CIVIC ENGAGEMENT THE MOST APPROPRIATE MEANS OF ATTAINING CHANGE
Civic engagement or civic participation is any individual or group activity addressing issues of public concern. Civic engagement includes communities working together or individuals working alone in both political and non-political actions to protect public values or make a change in a community.
“Contributing to society and supporting our own well-being are two sides of the same coin — by being engaged and contributing we bolster our well-being and become more resilient”.
Civic engagement involves “working to make a difference in the civic life of one’s community and developing the combination of knowledge, skills, values and motivation to make that difference. It means promoting the quality of life in a community, through both political and non-political processes.”
Civic engagement includes both paid and unpaid forms of political activism, environmentalism, and community and national service. Volunteering, national service, and Human Rights Education are all forms of civic engagement.
Participation in civic engagement activities can help citizens become better informed about current events.
HRBA creates channels for the participation of a broad spectrum of stakeholders, including, poor and disadvantaged people, minorities, indigenous peoples, women, children and youth. HRBA promotes active, meaningful and continuous voluntary participation; it stresses that developing capacities for participation is an important result in itself.
Definition and Constructs
Civic engagement is defined as working to make a difference in the civic life of one’s community. It also involves developing the combination of knowledge, skills, values, and motivation to make that difference. These activities enrich the lives of citizens and are socially beneficial to the community. We take a look at the four constructs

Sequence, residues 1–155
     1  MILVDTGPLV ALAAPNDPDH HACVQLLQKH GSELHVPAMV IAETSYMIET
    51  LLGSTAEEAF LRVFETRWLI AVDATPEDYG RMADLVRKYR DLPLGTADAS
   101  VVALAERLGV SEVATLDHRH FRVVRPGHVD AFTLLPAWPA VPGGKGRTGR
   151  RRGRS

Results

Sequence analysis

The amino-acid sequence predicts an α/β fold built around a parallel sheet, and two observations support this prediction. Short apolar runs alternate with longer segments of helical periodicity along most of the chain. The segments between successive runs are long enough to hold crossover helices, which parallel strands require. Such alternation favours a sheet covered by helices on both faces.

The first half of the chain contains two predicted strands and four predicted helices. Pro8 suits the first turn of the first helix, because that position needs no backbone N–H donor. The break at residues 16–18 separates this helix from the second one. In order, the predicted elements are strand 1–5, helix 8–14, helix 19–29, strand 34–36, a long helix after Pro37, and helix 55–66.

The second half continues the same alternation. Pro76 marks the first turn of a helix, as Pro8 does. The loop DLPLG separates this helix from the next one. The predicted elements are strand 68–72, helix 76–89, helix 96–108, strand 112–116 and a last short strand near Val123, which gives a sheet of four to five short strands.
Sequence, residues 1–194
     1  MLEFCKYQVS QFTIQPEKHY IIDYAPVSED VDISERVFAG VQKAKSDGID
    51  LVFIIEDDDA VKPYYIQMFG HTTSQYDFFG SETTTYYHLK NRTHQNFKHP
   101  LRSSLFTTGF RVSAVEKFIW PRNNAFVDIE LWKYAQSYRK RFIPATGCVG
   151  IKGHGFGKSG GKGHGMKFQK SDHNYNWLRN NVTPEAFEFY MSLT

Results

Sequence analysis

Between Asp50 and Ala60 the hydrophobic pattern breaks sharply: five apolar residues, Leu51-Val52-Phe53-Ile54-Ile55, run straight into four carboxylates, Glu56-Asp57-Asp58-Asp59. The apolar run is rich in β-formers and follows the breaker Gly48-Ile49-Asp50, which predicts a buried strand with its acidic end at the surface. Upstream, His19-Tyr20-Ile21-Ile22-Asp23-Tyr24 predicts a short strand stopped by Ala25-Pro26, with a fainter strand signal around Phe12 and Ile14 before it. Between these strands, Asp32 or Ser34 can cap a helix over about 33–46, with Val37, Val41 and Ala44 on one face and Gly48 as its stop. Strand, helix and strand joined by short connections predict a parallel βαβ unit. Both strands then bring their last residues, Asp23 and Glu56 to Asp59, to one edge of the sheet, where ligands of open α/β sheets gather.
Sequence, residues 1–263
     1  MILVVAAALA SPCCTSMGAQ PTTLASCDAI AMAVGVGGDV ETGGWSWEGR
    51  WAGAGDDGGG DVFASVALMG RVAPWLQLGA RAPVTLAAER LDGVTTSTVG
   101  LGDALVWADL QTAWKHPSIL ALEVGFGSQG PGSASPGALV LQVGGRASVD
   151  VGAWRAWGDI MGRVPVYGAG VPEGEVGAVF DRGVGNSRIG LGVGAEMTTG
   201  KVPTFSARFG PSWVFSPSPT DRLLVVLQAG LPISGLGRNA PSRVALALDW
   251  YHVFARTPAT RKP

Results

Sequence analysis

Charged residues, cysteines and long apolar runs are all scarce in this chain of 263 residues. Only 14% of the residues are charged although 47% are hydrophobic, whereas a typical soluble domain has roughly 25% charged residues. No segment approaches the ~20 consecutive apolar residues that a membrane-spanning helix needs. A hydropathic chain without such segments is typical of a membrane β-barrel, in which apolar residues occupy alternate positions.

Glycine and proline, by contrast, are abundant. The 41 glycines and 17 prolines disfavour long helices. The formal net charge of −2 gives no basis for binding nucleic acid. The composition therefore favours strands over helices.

FOUR CONSTRUCTS OF CIVIC ENGAGEMENT
FOUR CONSTRUCTS OF CIVIC ENGAGEMENT
Working to make a difference in the civic life of one’s community
Civic Commitment or Duty
Civic Action; or participation in activities such as volunteering or service learning to help better the community
Civic Commitment; or Duty, or the willingness to make positive contributions to society
Civic skills; or the ability to be involved in civil society, politics and Democracy
Social Cohesion ; or a sense of reciprocity, trust and bonding to others.
It’s found out that “among HRDs, volunteering plays a valuable role in shaping how they learn to interact with their community and develop the skills, values, and sense of empowerment necessary to become active citizens.”
Another possible form of civic action and civic commitment and duty is Human Rights Education. Research shows that HRE and civic engagement can be related but are not the same thing. HRE does not have to include a civic dimension and not all forms of civic engagement are HR based.
“As people face more and more Human Rights challenges, in terms of environmental, economic and social factors like Poverty, GBV and climate change, as well as mental health issues, the potential for simple programmes like community empowerment, inclusivity to improve resilience is really exciting through participatory approach.”
Our communities are stronger when everyone has the opportunity to contribute. Just and resilient states rely on empowered communities—we believe that participatory design is key to that process. Our work as HRDs can help a community establish relationships through coordination, gain knowledge, and be better prepared to face dynamic Human Rights challenges.
We believe that engaging communities in design thinking is an important way to create successful interventions from planning and design through implementation. The community’s input shaped a neighborhood identity that they could proudly integrate into development projects with greater autonomy and cohesion. This is attained through Participatory Approach.